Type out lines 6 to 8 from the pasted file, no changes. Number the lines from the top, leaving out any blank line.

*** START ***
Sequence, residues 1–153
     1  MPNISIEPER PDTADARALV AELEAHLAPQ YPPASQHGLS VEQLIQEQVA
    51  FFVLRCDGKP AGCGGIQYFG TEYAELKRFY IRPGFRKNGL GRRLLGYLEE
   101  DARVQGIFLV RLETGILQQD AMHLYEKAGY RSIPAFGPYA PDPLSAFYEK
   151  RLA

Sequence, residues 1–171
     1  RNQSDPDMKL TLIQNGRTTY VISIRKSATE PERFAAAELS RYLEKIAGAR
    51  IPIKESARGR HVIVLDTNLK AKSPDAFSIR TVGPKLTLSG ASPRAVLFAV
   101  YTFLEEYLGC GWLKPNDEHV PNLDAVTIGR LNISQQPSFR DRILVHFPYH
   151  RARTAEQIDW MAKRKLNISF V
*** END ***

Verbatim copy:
Sequence, residues 1–171
     1  RNQSDPDMKL TLIQNGRTTY VISIRKSATE PERFAAAELS RYLEKIAGAR
    51  IPIKESARGR HVIVLDTNLK AKSPDAFSIR TVGPKLTLSG ASPRAVLFAV